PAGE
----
Property firm to make £120k in administration

Property firm to make £120k in administration


A Plymouth-based property firm which collapsed as a result of rising repayments on a £57 million RBS interest swap loan will have made £120,000 six months after it entered into administration, Western Morning News reported.

A report assembled by creditors of London and Westcountry Estates Ltd (LWE) shows that the business, which still owns 27 business parks in south-west England with around 300 tenants, is expected, after costs, to make £120,000 across quarters two and three.

The industrial property firm went into administration in March 2012 after taking out a £57 million interest swap loan from The Royal Bank of Scotland (RBS) in 2008.

The sum advanced was used to finance the acquisition of several business parks as part of the company’s portfolio of commercial properties, four of which have since been sold by administrators for around £4.8 million.

Such interest-swap deals were sold to protect businesses such as LWE against sudden increases in interest rates, but actually lead to the property firm repaying the loan at pre-recessionary rates as the base rate fell to an all-time low of 0.5 per cent.

Repayments started at 4 per cent before they quickly rose to 6.4 per cent. It was only after interest rates hit 7.5 per cent last August that the company was no longer able to repay their loan. 

Mike Hockin, LWE’s co-founder, was initially retained by administrators Ernst & Young to help run the business but has since been made redundant along with his son Matthew. Another son, James, remains involved with the business.

Mr Hockin previously alleged that RBS gave his company only 24 hours to sign the loan agreement and that he had the impression that the deal had a three-year break clause that would allow either party to exit the agreement.

However, when his company tried to terminate the loan after three years, Hockin asserts that he was told that only RBS could activate the break clause and that it would cost LWE £11 million to exit the arrangement.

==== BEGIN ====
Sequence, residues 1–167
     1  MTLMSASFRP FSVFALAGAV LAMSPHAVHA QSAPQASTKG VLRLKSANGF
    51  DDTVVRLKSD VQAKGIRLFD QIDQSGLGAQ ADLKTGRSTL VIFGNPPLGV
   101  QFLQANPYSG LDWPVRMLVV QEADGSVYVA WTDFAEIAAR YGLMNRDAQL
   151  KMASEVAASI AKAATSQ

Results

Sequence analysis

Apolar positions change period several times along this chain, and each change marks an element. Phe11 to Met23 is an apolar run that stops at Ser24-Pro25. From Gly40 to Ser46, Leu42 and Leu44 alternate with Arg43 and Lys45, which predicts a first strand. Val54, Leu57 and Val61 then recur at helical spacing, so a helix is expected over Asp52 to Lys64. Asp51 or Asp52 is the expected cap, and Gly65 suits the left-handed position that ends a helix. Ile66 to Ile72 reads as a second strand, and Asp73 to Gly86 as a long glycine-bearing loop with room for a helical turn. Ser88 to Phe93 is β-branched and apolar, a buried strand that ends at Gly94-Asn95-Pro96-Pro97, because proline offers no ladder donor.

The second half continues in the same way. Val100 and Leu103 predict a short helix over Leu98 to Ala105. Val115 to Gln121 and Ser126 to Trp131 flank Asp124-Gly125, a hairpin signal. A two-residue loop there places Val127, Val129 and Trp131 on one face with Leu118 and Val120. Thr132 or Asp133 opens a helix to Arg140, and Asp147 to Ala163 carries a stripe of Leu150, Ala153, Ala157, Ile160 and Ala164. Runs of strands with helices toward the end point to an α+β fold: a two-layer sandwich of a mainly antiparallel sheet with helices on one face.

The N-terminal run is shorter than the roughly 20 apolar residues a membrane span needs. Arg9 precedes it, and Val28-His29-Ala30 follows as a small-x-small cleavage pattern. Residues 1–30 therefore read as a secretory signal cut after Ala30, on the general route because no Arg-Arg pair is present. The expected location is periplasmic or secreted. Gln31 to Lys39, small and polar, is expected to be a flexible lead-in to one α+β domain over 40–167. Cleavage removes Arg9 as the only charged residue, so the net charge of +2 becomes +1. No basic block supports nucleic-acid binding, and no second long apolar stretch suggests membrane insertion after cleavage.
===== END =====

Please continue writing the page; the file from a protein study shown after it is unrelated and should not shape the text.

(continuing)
In September, the FSA reported that around 40,000 interest rate swaps might have been mis-sold to small businesses, prompting Barclays, HSCB and RBS to set aside £630 million to compensate customers.

LWE have already paid £4.27 million to Isobel Assetco Ltd, a company owned by US venture capitalists Blackstone and which bought the Plymouth firm’s loan as part of a larger book from RBS.

Administrators Chris Marsden and Alan Bloom recently published a creditors’ report which states that a ‘piecemeal’ approach is being taken to dispose of the remaining commercial sites.

Four industrial estates currently owned by the company are on the market, with all properties set to be sold by the end of September 2013.

The BBC reported that, at the time that LWE went into administration, Mr Marsden said: “It is our intention to continue to trade London & Westcountry Estates Limited as we seek offers for the sale of the business and assets.

“During this period, we are committed to ensuring continuity of service for the tenants of the company’s properties.”

Speaking about the company’s projected turnover, Mr Hockin said: "I believe it proves the point that there's nothing wrong with the business. Even though they have sold off £4.5 million worth of property, the rent roll has gone up. The rent roll has taken up the slack that has been lost on sales – it's a very good business."

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